Thomas Renz (Rhetorical Function of the Book of Ezekiel) argues that “The first twenty-four chapters of the book present a loosely structured movement in cycles with ever greater involvement of the readers.”
Each cycle is “marked by a narrative portion which includes either a date (1:1-3) or a notice about elders approaching the prophet (14:1) or both (8:1; 20:1). No notice about elders who approach the prophet and, apart from 24:1 . . . no date formula occurs anywhere else in this first part of the book.” Thus, “the two elements have deliberately been reserved to indicate the major breaks in the narrative and to mark the beginning of separate cycles which contain similar material (announcement of the fall of Jerusalem), but with different emphases” (61).
In the first cycle, Ezekiel presents his case against Judah: “Judah’s and Jerusalem’s sin will lead to its downfall. It comes to a climax and is concluded in chap. 7 which speaks most forcefully about ‘the end’ that comes to Judah.” The second cycle (chapters 8-13) address objections to the prophet’s message. Some claim that God couldn’t abandon His people; Ezekiel answers in chapters 8-11 that Yahweh “has already chosen the exiles to continue the history of Israel.” Others claim that judgment is off in the distant future, and that it will not fall on Jerusalem, but Ezekiel’s description of the whitewashed walls of Jerusalem refutes both. The second cycle comes to an end “with the assertion that the distinction between death and life is one for Yahweh to make.” In the third cycle (chapters 14-19), Ezekiel “outlines more precisely what the response of the exiles should be to this disaster. This section finds its climax in chap. 19 in a (prophetic adaptation of a) dirge over Israel’s leader” (62).
There’s a progression through these cycles: “the first cycle proclaims the end, the second affirms the certainty of the end, and the third heightens the involvement of the readers. The last section, chaps. 20-24, summarises the first three cycles and brings the narrative close to Jerusalem’s fall itself” (61-2). Renz sees the four cycles as falling into a pattern of 2 + 2. The first two cycles follow a similar pattern: visions, sign-acts, prophecies, death/end. The second two cycles progress differently, but are parallel to one another: confrontation with elders, metaphors, judgment, death.One of Renz’s overall points is that Ezekiel is rhetorically structured to involve the reader more and more in the prophecy. Chapter 17, the parable of the eagles, the cedar, and the vine, illustrates the point.
The chapter presents a mashal, an allegorical riddle, to Israel. That “genre” itself accomplishes the rhetorical goal: “Being more enigmatic than the previous parables, this parable involves its readers even more than the previous ones, as the challenge of bringing together figurative and real reference is greater, even though the application of the parable is given in some detail in w. 16ff, where the root mashal is again taken up (cf. 14:13; 15:8) to underline that the disaster has its root in unfaithfulness” (78).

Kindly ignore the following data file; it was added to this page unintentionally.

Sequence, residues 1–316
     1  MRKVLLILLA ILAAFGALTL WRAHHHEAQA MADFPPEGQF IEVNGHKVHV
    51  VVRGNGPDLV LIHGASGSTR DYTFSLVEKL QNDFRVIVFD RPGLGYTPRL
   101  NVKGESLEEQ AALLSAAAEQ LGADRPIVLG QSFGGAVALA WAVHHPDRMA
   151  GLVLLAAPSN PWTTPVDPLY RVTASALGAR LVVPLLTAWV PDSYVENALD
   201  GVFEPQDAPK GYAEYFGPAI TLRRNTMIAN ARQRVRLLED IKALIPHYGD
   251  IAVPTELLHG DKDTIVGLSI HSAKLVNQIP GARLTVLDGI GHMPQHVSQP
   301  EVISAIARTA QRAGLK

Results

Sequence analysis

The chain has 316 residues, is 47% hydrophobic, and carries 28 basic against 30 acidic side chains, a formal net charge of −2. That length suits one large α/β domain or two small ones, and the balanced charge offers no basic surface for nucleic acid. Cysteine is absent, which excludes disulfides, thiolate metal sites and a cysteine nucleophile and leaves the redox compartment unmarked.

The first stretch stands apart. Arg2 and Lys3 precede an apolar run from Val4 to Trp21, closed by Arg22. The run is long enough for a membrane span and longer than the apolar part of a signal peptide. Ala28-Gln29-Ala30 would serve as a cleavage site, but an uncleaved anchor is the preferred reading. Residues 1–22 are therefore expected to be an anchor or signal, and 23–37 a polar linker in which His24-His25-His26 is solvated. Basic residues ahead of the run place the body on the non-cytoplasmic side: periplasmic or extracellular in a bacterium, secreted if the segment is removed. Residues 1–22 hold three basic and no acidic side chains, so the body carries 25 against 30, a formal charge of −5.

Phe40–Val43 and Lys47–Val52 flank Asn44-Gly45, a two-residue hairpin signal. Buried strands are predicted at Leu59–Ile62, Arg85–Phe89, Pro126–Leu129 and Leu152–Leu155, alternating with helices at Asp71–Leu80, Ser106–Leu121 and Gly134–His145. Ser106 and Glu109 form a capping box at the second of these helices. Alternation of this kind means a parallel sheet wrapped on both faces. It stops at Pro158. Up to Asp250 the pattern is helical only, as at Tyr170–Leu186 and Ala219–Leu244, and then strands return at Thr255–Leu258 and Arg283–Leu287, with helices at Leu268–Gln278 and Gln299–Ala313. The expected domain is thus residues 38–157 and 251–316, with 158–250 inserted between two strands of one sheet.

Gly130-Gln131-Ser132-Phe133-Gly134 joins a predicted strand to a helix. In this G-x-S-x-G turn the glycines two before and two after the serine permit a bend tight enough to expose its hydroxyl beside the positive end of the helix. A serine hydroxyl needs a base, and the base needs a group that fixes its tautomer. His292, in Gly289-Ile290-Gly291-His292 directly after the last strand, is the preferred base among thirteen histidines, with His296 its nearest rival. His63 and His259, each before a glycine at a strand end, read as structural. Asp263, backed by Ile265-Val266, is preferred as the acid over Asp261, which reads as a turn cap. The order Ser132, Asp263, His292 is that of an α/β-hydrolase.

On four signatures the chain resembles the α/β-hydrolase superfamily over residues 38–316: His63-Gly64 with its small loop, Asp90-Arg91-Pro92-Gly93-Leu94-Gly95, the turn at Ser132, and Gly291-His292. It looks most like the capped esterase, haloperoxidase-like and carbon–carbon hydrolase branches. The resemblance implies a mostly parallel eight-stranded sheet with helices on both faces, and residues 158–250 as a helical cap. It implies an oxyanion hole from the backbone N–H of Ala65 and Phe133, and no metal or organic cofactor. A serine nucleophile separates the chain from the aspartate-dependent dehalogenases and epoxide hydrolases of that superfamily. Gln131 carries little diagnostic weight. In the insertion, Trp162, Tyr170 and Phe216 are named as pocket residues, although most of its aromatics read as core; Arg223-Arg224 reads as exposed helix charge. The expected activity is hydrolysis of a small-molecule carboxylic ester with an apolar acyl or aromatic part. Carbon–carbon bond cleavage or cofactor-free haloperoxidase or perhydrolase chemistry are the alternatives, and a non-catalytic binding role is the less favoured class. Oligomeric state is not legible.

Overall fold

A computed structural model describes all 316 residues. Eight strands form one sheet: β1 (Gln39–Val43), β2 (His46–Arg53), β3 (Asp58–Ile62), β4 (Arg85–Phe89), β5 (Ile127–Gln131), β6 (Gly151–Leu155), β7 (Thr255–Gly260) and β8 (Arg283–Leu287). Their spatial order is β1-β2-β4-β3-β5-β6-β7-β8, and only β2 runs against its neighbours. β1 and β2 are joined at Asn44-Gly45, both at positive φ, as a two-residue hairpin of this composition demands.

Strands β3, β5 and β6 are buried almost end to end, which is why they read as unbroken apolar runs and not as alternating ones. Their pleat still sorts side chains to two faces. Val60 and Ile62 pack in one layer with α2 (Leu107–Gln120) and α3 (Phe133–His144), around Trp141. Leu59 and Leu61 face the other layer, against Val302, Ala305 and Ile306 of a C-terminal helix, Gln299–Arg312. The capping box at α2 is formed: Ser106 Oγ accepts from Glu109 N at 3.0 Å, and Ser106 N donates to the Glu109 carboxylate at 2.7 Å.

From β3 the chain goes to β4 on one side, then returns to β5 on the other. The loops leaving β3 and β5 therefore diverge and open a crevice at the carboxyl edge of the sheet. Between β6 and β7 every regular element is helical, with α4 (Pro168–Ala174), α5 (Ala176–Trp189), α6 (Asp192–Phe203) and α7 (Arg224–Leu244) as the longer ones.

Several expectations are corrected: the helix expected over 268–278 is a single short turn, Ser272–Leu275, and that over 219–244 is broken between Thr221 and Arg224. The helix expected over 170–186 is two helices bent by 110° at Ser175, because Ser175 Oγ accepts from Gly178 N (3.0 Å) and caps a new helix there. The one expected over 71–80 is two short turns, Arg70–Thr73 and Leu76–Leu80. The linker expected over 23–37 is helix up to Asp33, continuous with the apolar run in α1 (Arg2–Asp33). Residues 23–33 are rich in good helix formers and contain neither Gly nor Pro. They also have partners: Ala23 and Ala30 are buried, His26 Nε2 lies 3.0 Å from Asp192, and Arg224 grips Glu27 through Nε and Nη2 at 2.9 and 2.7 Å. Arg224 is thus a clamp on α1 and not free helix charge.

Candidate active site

Renz suggests that there are two levels to the parable: “on the political level, Zedekiah’s disloyalty to king Nebuchadnezzar must lead to a punitive action from the Babylonian overlord, on the theological level, Zedekiah’s disloyalty to Yahweh calls forth a response from Yahweh” (78). That complexity again requires more involvement from the hearer or reader, as he seeks to disentangle the levels of meaning.
The conclusion of the parable also intensifies the reader’s involvement, since it points to the new beginning that Yahweh is preparing for Israel: “While Yahweh will act in a continuity of purpose (the actions described are similar to those Yahweh did in the past), the future does not continue from what has taken place in the past. In the image of the metaphor: The vine has withered and will not be revived, Yahweh will take another shoot from the cedar. The imagery is not interpreted in this case and thus leaves the readers to fill the gap. . . . the parable does not describe the future in terms of a restoration of the vine stock, but in terms of the exaltation of the cedar shoot. This emphatically underlines that the promise was not seen as applying to the dynasty of Zedekiah, but to the family of the one deported in 597 BC. The exiles are to expect a new act of Yahweh focusing on the exilic community, not some sort of continuation from the past (cf. v. 24b)” (78-9).
The exiles (especially the second generation that Renz thinks is being addressed) are engaged personally not only as readers and interpreters, but as subjects of fulfillment. As with Jesus’ parables, if they read well, they recognize that the mashal is speaking of them.